Madam Speaker, I would like to begin by saying that I will be sharing my time with my distinguished colleague from Abitibi—Témiscamingue.
I am very sad to rise in the House today to speak to Motion No. 25, which we are currently debating. This motion sits in the broader context of back-to-work legislation for Canada Post employees that will be introduced and debated a little later today, from what the government is telling us. That is why Motion No. 25 was moved and is being debated today.
It is sad because I honestly never expected this. I do not want to spend too much time repeating what they said, but some of my colleagues who were here in 2011 remember the Harper Conservatives and their special back-to-work legislation. Our NDP colleagues criticized it profusely and passionately, but so did our Liberal colleagues, who were on this side of the House at the time. I remember very well their position in that debate, and so I am very surprised and sad today. I honestly never expected the Liberals to do the same thing.
Back in 2011, I would not have thought it possible that the Liberals, who were in this corner at the time and were standing up for workers, would do exactly the same thing as the Conservatives seven and a half years later. I would never have believed that could happen, but the Liberals have shown us their true colours, and reality is staring us in the face. We now see that they too are comfortable tabling back-to-work legislation that infringes on a fundamental right in Canada, a right that is protected and recognized by our courts, a constitutional right: the right to strike.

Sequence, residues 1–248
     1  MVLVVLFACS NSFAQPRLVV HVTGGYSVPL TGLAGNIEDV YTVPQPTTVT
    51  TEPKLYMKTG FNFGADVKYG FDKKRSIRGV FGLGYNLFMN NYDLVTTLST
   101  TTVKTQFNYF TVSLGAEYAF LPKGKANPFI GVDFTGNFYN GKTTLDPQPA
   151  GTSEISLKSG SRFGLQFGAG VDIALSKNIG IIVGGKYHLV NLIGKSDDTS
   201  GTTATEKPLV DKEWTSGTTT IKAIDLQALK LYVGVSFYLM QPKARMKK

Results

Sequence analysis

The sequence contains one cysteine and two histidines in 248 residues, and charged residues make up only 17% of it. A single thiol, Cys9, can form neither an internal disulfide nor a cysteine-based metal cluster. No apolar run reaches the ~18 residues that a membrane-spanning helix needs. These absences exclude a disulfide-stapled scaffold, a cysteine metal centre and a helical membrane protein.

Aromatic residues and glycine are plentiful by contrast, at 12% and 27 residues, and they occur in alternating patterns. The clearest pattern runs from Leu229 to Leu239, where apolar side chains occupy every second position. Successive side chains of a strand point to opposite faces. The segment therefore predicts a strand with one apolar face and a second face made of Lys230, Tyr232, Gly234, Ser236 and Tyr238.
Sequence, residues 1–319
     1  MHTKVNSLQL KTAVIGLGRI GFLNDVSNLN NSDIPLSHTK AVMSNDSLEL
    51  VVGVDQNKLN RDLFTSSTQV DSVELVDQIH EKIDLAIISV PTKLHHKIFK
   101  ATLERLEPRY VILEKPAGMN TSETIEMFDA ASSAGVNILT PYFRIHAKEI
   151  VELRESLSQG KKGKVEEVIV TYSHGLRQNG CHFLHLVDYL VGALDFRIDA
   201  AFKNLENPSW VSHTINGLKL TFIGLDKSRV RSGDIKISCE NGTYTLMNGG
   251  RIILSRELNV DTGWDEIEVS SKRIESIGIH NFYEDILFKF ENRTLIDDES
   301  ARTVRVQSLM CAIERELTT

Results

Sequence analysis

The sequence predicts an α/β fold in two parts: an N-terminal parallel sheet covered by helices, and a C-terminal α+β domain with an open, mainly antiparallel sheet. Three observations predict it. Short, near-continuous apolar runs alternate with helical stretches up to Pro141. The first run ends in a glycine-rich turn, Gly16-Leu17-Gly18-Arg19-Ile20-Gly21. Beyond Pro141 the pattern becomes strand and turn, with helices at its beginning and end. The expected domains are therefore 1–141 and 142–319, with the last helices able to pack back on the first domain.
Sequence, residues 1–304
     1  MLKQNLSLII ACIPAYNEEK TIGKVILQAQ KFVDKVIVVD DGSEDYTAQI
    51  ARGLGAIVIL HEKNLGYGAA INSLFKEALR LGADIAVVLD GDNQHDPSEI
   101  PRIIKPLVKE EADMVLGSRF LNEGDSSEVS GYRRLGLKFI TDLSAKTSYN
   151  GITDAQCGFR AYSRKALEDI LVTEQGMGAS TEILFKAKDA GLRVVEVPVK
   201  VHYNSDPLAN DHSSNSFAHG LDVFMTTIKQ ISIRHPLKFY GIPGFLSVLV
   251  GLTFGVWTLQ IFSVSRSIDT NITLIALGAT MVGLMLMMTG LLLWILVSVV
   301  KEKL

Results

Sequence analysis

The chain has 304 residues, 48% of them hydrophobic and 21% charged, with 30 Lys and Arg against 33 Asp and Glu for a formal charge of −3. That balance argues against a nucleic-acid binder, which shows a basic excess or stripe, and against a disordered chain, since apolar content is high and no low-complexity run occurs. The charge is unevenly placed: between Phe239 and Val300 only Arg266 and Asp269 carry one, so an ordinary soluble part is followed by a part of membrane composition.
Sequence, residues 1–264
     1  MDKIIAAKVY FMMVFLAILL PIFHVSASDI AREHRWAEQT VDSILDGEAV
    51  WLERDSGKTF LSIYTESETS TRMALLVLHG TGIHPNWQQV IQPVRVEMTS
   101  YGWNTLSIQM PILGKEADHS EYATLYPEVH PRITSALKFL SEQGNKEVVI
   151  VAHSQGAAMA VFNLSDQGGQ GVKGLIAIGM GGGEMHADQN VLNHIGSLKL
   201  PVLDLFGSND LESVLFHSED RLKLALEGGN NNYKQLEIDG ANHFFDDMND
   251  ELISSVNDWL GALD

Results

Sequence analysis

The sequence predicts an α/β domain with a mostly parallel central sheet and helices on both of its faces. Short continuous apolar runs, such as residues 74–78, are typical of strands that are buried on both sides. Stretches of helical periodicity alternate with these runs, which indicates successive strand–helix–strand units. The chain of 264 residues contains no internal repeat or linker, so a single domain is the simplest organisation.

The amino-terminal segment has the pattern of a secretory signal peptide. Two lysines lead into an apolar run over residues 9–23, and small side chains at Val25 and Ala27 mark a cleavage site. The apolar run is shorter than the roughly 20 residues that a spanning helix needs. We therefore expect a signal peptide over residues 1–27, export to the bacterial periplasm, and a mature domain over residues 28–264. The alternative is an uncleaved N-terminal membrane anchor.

Throughout our history, there have been some incredible battles to claim the right to strike, the right to protest by not reporting for work in order to exert pressure on the employer during negotiations. Workers also have a constitutional right to freely negotiate their working conditions with the employer without interference from a third party.
That is the core of today's debate, even though we are spending a little time talking about the process. Today, we are being hit with a motion that will fast-track the bill through all the stages so it can be passed in a few hours. As we know, bills go through many stages in the House. It normally takes weeks, if not months, before they are passed and receive royal assent. Today, we are being told that we will study and pass a bill at first reading, at second reading, at report stage and at third reading, and then send it to the Senate, all in a few hours.
Committees are often the best place to get more information and fulfill our duties as members of Parliament. This is where we can call in experts to talk about the clauses of the bill, share their opinions, and contribute to the parliamentary debate. However, today, for such an important bill, the government wants to speed through all these steps in a few hours, between 8 p.m. and 2 a.m. What a disgrace for our democracy.
I speak for all parliamentarians when I say that this government's cabinet is asking us to pass a very important bill in just a few hours without allowing us to call any witnesses or experts to give their opinions on the bill. Some Liberal members were even asking questions about whether this bill is constitutional. Why not take the time to study it?
That is what I have to say about the process. It is important to talk about it, but we must focus on the workers who will be affected by this bill, which will be rammed through a little later today.
This bill also affects the right to strike. We know that striking has consequences. Government members remind us every time they speak, but we know it. Fortunately, the union is being respectful. It could have organized an even bigger strike that would have been even more harmful to the employer, since that is its right, but it chose not to.